A couple years ago, Stanford hosted an evening with Leonard Cohen and Philip Glass. Over an hour of conversation (pdf transcript), AND they made the audience submit questions via notecards! A good bit from Glass:
Someone recently was showing me a book that this person was writing and she said, do you have any advice? I said, Yes, my advice is: Don’t stop working before the book is finished. And I quickly added: Because it’s in the last moments of the work that the quality appears. It doesn’t happen at the beginning; it happens at the end.
Igor Stravinsky (↑, one of my favorite composers) is probably best known for his collaboration with Serge Diaghilev on the The Rite of Spring ballet and its scandalous premiere. But a few years after that, with Diaghilev’s prodding, he brought out another ballet score with older, more conservative roots, Pulcinella.
What made Pulcinella different was that Stravinsky took most of the music from lesser-known classical-era composers like Pergolesi, Gallo, Monza, et al. “It was a backward glance, of course, but it was a look in the mirror, too.” Stravinsky took whole melodies and bass lines from the old stuff, and within that framework he rejiggered the harmonies, rhythms, and orchestration.
I began by composing on the Pergolesi manuscripts themselves, as though I were correcting an old work of my own. I knew that I could not produce a ‘forgery’ of Pergolesi because my motor habits are so different; at best, I could repeat him in my own accent.
The reception of the new work wasn’t all positive…
I was… attacked for being a pasticheur, chided for composing ‘simple’ music, blamed for deserting ‘modernism,’ accused of renouncing my ‘true Russian heritage.’ People who had never heard of, or cared about, the originals cried ‘sacrilege’: “The classics are ours. Leave the classics alone.”
… but he had his reasons…
To them all my answer was and is the same: You “respect,” but I love.
Philip Glass is coming to Atlanta, and giving a couple talks just a few miles down the road from me. Awesome.
“I have learned throughout my life as a composer chiefly through my mistakes and pursuits of false assumptions, not by my exposure to founts of wisdom and knowledge.” —Stravinsky
The Most Wanted Song and the Most Unwanted Song were written in response to survey results, just like the earlier creation of the world’s Most Wanted Paintings. The Most Unwanted Song features an operatic, rapping soprano and children singing a holiday polka:
The most unwanted music is over 25 minutes long, veers wildly between loud and quiet sections, between fast and slow tempos, and features timbres of extremely high and low pitch, with each dichotomy presented in abrupt transition. The most unwanted orchestra was determined to be large, and features the accordion and bagpipe (which tie at 13% as the most unwanted instrument), banjo, flute, tuba, harp, organ, synthesizer (the only instrument that appears in both the most wanted and most unwanted ensembles). An operatic soprano raps and sings atonal music, advertising jingles, political slogans, and “elevator” music, and a children’s choir sings jingles and holiday songs. The most unwanted subjects for lyrics are cowboys and holidays, and the most unwanted listening circumstances are involuntary exposure to commericals and elevator music. Therefore, it can be shown that if there is no covarianceÄîsomeone who dislikes bagpipes is as likely to hate elevator music as someone who despises the organ, for exampleÄîfewer than 200 individuals of the world’s total population would enjoy this piece.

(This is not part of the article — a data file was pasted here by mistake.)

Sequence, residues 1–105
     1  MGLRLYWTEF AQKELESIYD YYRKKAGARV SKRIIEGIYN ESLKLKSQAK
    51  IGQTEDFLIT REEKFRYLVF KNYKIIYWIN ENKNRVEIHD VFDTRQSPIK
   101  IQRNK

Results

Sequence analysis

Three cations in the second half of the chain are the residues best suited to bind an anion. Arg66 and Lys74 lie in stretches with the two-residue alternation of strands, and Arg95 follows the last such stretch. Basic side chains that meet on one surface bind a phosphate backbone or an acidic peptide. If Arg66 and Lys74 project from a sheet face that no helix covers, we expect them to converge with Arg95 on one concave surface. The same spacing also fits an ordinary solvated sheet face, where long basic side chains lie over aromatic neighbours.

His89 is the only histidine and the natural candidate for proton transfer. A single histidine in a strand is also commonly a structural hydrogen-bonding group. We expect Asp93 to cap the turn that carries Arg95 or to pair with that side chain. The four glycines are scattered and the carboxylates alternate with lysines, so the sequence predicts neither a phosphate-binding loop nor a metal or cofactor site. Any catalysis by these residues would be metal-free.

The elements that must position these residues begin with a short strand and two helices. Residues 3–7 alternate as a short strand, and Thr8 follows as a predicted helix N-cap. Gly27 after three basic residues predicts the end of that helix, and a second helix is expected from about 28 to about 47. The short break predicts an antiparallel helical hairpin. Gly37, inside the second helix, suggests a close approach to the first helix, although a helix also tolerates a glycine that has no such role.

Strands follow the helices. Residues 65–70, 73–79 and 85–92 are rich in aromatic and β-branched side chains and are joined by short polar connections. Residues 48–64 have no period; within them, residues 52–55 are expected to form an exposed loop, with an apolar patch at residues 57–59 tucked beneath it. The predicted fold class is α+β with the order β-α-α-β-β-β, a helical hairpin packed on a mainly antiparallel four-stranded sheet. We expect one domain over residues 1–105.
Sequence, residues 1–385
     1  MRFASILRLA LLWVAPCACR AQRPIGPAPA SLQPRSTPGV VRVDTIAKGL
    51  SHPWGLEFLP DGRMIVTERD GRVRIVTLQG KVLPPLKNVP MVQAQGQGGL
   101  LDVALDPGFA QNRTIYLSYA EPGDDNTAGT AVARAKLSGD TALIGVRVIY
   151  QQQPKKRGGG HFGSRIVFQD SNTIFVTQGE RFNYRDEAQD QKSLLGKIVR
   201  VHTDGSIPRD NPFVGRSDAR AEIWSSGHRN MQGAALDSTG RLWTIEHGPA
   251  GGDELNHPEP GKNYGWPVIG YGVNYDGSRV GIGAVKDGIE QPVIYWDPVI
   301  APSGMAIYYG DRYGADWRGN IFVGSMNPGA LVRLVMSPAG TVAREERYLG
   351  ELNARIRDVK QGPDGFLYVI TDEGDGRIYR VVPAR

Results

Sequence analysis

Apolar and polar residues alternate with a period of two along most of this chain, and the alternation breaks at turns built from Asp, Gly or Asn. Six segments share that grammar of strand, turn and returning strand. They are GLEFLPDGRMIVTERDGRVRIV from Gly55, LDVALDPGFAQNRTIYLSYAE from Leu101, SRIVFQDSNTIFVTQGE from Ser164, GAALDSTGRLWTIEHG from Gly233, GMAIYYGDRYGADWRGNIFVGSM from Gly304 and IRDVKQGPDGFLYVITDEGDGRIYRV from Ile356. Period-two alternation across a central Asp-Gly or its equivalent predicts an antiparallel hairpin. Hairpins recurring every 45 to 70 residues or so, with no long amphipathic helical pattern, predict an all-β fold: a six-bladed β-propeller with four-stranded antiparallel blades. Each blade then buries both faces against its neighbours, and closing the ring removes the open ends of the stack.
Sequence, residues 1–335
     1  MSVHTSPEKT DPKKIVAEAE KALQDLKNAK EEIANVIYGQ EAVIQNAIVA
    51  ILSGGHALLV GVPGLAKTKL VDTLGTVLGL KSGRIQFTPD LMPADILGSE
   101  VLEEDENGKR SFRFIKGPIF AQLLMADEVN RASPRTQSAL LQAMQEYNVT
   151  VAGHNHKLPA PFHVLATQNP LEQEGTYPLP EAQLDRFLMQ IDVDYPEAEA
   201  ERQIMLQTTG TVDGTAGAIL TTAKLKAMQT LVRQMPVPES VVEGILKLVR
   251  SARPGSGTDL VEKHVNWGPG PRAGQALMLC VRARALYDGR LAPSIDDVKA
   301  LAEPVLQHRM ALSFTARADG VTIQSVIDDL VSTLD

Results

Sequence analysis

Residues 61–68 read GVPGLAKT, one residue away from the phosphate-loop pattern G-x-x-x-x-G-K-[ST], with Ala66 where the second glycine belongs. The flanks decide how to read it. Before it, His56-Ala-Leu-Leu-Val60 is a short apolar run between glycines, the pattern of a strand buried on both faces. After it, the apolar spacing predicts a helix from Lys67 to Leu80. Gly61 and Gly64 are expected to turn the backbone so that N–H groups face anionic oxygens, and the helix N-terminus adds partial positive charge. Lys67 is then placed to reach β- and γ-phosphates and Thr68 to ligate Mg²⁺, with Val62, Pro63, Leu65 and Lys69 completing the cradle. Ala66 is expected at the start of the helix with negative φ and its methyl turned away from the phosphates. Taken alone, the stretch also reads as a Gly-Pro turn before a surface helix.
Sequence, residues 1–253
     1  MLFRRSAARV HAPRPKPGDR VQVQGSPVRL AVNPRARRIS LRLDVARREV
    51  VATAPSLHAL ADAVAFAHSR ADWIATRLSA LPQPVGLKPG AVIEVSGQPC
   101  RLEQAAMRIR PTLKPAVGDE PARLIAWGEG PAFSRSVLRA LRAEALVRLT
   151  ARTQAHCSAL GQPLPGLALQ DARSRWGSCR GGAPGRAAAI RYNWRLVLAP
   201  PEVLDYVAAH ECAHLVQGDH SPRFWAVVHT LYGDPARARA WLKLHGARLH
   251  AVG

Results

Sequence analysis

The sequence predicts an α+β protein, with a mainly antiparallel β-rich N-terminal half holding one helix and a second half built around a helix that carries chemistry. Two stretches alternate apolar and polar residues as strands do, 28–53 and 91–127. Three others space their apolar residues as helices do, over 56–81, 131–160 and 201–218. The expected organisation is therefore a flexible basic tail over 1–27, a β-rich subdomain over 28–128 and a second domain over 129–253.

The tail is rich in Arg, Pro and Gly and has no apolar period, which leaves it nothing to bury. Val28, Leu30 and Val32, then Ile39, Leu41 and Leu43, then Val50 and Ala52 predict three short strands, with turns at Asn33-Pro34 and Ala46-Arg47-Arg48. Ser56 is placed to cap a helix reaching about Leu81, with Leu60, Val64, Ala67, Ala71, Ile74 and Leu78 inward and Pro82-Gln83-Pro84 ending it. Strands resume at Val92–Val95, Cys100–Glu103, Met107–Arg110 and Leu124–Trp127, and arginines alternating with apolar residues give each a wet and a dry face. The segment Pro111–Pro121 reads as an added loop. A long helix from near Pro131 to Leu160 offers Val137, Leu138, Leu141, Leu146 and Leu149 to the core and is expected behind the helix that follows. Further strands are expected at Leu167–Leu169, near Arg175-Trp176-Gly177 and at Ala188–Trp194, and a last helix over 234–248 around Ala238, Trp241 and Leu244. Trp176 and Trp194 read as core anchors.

John Mark Harris arranged a piece for piano by Iannis Xenakis to make it, y’know, playable by a human. You can see and hear the graph for Evryali.
The title refers to the “Medusa, with head of writing snakes”, as well as “the open sea”. Both allusions have clear meanings upon hearing the piece…
Evryali was composed without regard to the limitations of the human anatomy, as the branching often expands beyond the range of two human hands. In more than one instance, the branching has caused bushed to appear at the extreme right and left of the keyboard, yet there are also bushes in the center of the piano. The performer must obviously edit the score. The graph I made became a tool for determining what I would leave out…
The music that remains, after editing, is anatomically possible. Yet the performer is left with an undertaking that can not be thought of as reasonable. The relentless repetitive motions, wide leaps, and awkward streams of chords directly challenge the pianist’s need for fluid fingers and free arms. The pianist runs the risk of gazing into Medusa and freezing solid. Brute force and physical endurance are not enough to solve the difficulty. Only through the same imagination that one finds the music “possible” can one find the answer to its realization.
As one can never view Medusa directly, without cheating in the manner of Perseus, one can never hear the piece performed exactly as composed. The audience is not granted a true image of Evryali, but must, like Perseus, experience only a reflection of the monstrosity.
Further commentary from Marc Couroux:
Evryali is not virtuosic, nor is it anti-virtuosic. It is highly unlikely that this state could have come about as a result of the composer’s insufficient command of pianistic technique. The gauntlet is so clearly thrown down that the difficulties cannot be anything other than premeditated… The fact that one cannot physically realize the totality of Evryali makes it seem unnecessarily utopian. The task of any performer is to strive, regardless of difficulty, to achieve every detail and to project them into a broader context.
[via phil harnish]